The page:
Iraq The territory of present-day Iraq largely covers the three former provinces of the Ottoman Empire that became a British protectorate in 1920 following a decision by the League of Nations. Iraq was proclaimed independent in 1932 but became subjected to military occupation by the British in 1941-47 as it was deemed strategically important for the Second World War effort.

As the state of Iraq had been constructed by different territories that originally had little in common, the British-installed king promoted Arab nationalism as a unifying aspect for the population. One consequence of this was the exclusion of large parts of the population as the political elite was dominated by the educated Sunni Muslim minority which had previously worked for the Ottoman administration. Disapproval of the lack of development in the country grew also among this group and a military revolt in 1958 overthrew the monarchy and led to an intrastate conflict that continued in 1959 and resumed in 1963. As different factions of the military competed against each other, the administration eventually became controlled by the Ba'ath party that established a socialist one-party state in 1968. During this time, the government established an extensive security apparatus to suppress dissent as many opposition leaders left the country. Exiled Shia Muslim Iraqis in Iran formed the alliance SCIRI (The Supreme Council for the Islamic Revolution in Iraq) that were active in an intrastate conflict against the government in 1982-84, 1987, and 1991-96. The one-party state was abolished in 2003, after which intrastate conflict over government started again. This time, the numerous opposition groups mainly requested a more prominent role for religion in the governance of the country, as well as criticised the government's cooperation with the USA.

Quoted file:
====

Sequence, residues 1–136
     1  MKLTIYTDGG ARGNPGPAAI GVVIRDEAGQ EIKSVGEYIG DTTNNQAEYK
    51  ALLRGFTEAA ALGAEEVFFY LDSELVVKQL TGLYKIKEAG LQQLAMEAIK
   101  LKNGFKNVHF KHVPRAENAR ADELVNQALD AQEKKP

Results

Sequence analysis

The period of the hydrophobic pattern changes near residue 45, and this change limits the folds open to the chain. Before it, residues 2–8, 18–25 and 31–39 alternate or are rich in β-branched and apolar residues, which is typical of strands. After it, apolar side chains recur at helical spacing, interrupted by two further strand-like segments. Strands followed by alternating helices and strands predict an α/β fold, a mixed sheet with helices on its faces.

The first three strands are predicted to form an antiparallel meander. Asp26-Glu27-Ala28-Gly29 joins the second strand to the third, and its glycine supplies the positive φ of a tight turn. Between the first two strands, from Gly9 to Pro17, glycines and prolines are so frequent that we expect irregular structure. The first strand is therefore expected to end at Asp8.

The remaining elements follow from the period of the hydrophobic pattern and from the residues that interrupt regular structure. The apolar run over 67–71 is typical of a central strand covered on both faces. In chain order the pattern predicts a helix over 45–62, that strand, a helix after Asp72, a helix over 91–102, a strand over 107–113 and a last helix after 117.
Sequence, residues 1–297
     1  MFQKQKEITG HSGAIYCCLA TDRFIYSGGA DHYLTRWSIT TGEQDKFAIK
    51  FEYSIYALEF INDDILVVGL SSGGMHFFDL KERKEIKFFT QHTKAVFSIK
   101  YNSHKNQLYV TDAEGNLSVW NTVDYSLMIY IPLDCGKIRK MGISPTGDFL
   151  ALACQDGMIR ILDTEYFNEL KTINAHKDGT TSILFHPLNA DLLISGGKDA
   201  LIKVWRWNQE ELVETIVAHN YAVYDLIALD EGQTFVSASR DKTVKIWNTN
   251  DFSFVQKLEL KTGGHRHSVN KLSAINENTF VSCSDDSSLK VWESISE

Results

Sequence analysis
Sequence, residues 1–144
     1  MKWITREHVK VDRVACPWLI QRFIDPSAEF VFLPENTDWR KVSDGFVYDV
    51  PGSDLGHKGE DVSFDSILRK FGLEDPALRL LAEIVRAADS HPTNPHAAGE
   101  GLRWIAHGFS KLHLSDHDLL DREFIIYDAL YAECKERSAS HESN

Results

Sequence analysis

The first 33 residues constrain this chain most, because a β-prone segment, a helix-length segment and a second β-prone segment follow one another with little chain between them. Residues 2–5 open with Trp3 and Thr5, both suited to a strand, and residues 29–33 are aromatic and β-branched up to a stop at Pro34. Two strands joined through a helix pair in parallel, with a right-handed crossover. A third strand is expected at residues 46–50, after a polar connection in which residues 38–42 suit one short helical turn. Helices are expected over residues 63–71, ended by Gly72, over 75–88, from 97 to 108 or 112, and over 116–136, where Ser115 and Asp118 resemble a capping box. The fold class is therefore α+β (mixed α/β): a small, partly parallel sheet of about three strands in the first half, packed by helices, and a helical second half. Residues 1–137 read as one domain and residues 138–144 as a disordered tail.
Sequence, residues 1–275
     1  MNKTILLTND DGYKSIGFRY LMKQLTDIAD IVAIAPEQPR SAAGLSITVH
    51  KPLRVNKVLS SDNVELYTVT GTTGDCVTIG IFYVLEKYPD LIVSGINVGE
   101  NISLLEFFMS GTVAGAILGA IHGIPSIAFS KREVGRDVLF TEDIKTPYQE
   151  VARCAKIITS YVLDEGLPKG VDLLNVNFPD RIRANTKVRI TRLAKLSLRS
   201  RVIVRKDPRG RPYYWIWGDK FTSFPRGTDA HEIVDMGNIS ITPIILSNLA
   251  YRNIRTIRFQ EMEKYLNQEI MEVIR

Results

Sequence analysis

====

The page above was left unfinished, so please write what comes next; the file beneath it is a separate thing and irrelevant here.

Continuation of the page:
A territory which was disputed since the formation of Iraq was the Kurd areas in the north of the country, and local leaders quickly started arguing for the establishment of an independent Kurdistan. This led to intrastate conflict over this territory in 1961-70, 1973-93, and 1996.

Several of the borders between Iraq and its neighbouring countries have been contended, in particular areas claimed by both Iraq and Iran. This, combined with political rivalries where the two states have tried to destabilize their respective regimes, led to an interstate conflict in 1974 and in 1980-88. In 1990, the Iraq government invaded Kuwait claiming the territory should be considered a province of Iraq. Following criticism from the UN, the Kuwait side received military support from a multinational coalition to force the Iraqi troops out of its territory in 1991. Following claims that the Iraqi government was developing weapons of mass destruction and was supporting terrorism, another interstate conflict was fought between an alliance of USA, UK, and Australia with support from a multinational coalition of forces, against Iraq in 2003. After the defeat of the Iraqi Saddam Hussein government, many troops from the US-led coalition remained in the country to support the new government in the intrastate conflict.

The government of Iraq has employed one-sided violence in the context of the armed conflicts but also to suppress opposition to the one-party rule. Numerous other actors have also been using one-sided violence in the years after 2004, including some groups opposing the government in the intrastate conflict. Different armed groups in Iraq have also been active in non-state conflicts against each other since 2002. These conflicts have involved fighting between groups that were in opposition to the government, but these have also involved local forces not concerned with government power.

Since 1946 Iraq has experienced the interstate, intrastate, non-state and one-sided categories of UCDP organised violence.